Bensalem Public Safety Director Fred Harran said it was better to get residents near the flood-prone Neshaminy Creek out early than deal with a dangerous situation at 2 a.m.
“It could be the worst we’ve ever seen,” he said.
In Philadelphia, Mayor Michael Nutter said as many as 10,000 people live in low-lying areas. Some have headed to shelters while many others are staying with family or friends. Officials said city offices would remain closed Tuesday, along with Philadelphia’s public schools and mass transit. Schools would also close in Pittsburgh and other western Pennsylvania school districts.
In west Philadelphia, Veronica Price heard the warnings of city officials Sunday night and decided she should head straight to a shelter after church.
So, she “dressed down” for church and went directly to a city shelter at West Philadelphia High School after the service. As someone who lives alone, she knew she was one of the people the city was urging to head for a shelter.
“I said … ‘That’s me, I’m out,” said Price, 66, who was most worried about going days without power. “I got my bag and came straight here.”
Mike Dangelo, a meteorologist with the National Weather Service in State College, said the strongest of the winds will lash south-central, southeastern and northeastern Pennsylvania Monday night into early Tuesday. Major rivers will stay within their banks, but small streams in southern Pennsylvania will flood, he said.
“People are starting to have power outages with not even the strongest of the winds here yet,” Dangelo said.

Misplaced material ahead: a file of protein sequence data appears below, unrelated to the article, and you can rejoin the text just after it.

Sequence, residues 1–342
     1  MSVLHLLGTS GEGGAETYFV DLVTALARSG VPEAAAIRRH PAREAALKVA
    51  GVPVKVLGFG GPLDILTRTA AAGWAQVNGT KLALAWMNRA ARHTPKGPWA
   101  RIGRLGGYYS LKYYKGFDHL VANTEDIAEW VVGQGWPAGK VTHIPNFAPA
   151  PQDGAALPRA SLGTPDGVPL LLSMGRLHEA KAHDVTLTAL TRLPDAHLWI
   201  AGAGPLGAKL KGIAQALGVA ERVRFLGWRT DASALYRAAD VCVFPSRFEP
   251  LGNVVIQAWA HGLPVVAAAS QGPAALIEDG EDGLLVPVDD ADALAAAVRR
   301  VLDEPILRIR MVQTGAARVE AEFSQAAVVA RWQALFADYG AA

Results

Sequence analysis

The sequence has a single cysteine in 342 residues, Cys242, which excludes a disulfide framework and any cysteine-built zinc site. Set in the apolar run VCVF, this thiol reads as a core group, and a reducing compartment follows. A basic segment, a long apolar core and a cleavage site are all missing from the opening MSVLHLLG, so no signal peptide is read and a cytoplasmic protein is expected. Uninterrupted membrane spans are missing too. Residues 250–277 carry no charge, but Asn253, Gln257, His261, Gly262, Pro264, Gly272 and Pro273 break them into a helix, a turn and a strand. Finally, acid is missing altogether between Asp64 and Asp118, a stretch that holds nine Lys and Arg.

A 2-month-old baby was injured early Monday when a falling tree crashed into the second story of a house in a Philadelphia suburb and cut the sleeping infant’s face, Upper Darby Police Superintendent Michael Chitwood said. The child was in good condition at a hospital, he said.
Darby Mayor Helen Thomas said her town opened its recreation center to more than 150 people that had to leave their homes. Local businesses were helping to feed evacuees.
“We’re going to do what we’ve got to do to help our residents,” she said, adding, “we won’t turn away anyone.”
Michael Dornblum, a furniture store manager in Philadelphia’s low-lying Manayunk neighborhood, had stacked sandbags and caulked doors in anticipation of the Schuylkill River overflowing its banks.
“We’ve been through probably a dozen floods that come into the street in the front of the building. And this appears to be the scariest one,” he said.
The Pennsylvania National Guard expected to activate 1,600 soldiers for assignments ranging from search and rescue helicopter missions to delivering supplies, Staff Sgt. Matthew Jones said.
President Barack Obama signed an emergency declaration for Pennsylvania early Monday, allowing state officials to request federal funding and other storm assistance.
In portions of western Pennsylvania, the National Weather Service issued a flash flood watch for areas that could get more than 2 inches of rain Monday and Tuesday, causing some flooding along small streams or where drainage is poor. Snow was expected later in the week.
In Easton, The Express-Times newspaper said it would deliver Tuesday’s paper with Wednesday’s editions due to deteriorating conditions. The newspaper would be available, however, at some stores and single-copy locations.